In 2009 the totally subcutaneous implantable defibrillator (S-ICD) was introduced as a new therapeutic alternative for suitable patients (the S‑ICD is not suitable for patients with a pacing/CRT indication and less preferable for patients with (monomorphic) VTs who could otherwise be treated with anti-tachycardia pacing). The early results from the EFFORTLESS registry demonstrated appropriate system performance with clinical event rates comparable with those reported for conventional transvenous ICD systems [7]. Although implantation of the S‑ICD reduces implant-related complications, a high rate of inappropriate shocks (IS) with tremendous impact on quality of life was reported [8, 9]. These potentially harmful events are mostly triggered by T‑wave oversensing (TWOS) which is a feared complication after S‑ICD implantation [911]. Hypertrophic cardiomyopathy has been linked to TWOS [12, 13]. Nevertheless, so far, little is known on how to predict or prevent inappropriate shocks despite specific ECG parameters [12]. Recently, a new double-detection algorithm was introduced to reduce the incidence of T‑wave oversensing [13]. The new double-detection algorithm was available as software update SMR8 for the first generation SQ-S-ICD devices. The new detection algorithm analyses the morphology of three consecutive QRS complexes in order to specifically minimise TWOS and is usually automatically uploaded during follow-up visits. Besides, in 2015 the new S‑ICD generation with this double-detection algorithm as standard, the Emblem-S-ICD, became available. Whether these new strategies have an impact on the incidence of TWOS/IS remains unclear.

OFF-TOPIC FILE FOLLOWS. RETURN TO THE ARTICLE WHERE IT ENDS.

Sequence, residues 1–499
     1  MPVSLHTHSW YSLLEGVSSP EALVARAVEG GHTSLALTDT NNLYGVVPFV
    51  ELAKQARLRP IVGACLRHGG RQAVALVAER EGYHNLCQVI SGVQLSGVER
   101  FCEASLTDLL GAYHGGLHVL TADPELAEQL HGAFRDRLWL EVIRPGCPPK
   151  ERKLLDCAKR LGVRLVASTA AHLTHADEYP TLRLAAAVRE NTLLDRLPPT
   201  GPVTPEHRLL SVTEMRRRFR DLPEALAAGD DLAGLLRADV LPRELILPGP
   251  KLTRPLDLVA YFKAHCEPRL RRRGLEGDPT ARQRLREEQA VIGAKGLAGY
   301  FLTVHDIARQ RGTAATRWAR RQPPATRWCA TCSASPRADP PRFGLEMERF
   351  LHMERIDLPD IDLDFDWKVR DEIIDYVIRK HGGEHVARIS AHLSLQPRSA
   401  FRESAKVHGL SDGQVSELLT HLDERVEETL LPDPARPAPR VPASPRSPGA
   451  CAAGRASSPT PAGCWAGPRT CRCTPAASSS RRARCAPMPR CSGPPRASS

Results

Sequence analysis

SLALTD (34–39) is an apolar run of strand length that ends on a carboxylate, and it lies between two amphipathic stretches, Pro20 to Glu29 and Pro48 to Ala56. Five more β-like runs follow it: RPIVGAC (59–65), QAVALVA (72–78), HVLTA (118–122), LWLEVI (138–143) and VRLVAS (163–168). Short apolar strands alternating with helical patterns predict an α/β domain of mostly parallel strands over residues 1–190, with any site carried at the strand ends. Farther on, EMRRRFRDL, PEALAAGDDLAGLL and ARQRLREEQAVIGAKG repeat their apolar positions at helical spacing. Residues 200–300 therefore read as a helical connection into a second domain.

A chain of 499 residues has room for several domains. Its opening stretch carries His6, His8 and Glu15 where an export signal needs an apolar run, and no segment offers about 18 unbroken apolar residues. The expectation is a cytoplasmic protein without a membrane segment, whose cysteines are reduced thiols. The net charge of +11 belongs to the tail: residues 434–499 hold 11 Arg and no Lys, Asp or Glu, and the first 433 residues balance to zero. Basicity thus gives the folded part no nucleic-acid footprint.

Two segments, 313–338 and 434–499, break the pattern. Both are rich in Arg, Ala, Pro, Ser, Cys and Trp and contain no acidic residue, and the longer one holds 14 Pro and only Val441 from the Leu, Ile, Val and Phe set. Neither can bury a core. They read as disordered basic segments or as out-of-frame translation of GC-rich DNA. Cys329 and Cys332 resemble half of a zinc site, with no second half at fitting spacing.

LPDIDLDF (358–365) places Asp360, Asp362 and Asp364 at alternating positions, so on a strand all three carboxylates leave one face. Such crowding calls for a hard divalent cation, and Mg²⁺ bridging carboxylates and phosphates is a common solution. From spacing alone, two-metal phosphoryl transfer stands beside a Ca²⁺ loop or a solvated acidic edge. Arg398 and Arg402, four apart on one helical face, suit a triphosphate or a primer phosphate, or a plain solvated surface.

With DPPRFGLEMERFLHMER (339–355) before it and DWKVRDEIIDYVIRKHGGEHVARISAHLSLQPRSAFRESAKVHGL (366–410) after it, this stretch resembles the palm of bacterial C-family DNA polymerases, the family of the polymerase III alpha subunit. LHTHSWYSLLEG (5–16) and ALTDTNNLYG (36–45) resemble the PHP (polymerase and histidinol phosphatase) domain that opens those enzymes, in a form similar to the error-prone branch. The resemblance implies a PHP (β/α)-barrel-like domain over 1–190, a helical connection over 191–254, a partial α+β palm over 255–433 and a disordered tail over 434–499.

Therefore, we hypothesised that the new generation device, the Emblem-S-ICD, as well as the software update SMR8, might reduce the incidence of these harmful events.

Methods

Study cohort

In this retrospective single-centre trial we screened the data of 146 patients who were treated with S‑ICD implantation between January 2010 and October 2016. Patients either received the first generation SQ1010-S-ICD or the new Emblem-S-ICD. Patients were only included in the analyses if at least a complete follow-up (FU) of 6 weeks was present. In the eligible study cohort of 139 patients, medication, results from diagnostic tests and history of concomitant diseases were obtained from the university patient database. Importantly, records and S‑ICD interrogation results of all FU visits were evaluated and patients were screened for the incidence of TWOS and IS. Since only one patient in our cohort (implanted with a SQ1010 device) experienced IS in the absence of TWOS, we also considered isolated episodes of TWOS without IS to be clinically relevant, especially since the S‑ICD provides no manual adjustability of the S‑ICD ECG sensitivity. Therefore, we chose a combined endpoint of these events (TWOS/IS). Specifically, TWOS/IS was defined as at least one episode of TWOS and/or IS during the period of FU. To analyse the impact of device type on the incidence of TWOS/IS, FU up to 2 years (mean FU: 500 ± 267 days) after implantation was studied. Outcome of patients receiving the new Emblem-S-ICD (Emblem; n = 48) was compared with the performance of the first-generation device SQ1010-S-ICD (SQ; n = 91). Furthermore, to test if the new double-detection algorithm SMR8 (available since August 2014 in our cohort) reduces TWOS/IS in the SQ1010-S-ICD population, patient outcome after implantation (SQ-SMR8(−); n = 82) and/or after update installation (SQ-SMR8(+); n = 65) was evaluated for up to 2 years (mean FU: 551 ± 168 days). Patients were only included in the analysis if a least a complete FU of 6 weeks after implantation and/or after software update installation could be obtained. With respect to patient safety and privacy all identities in this retrospective study were excluded from the manuscript.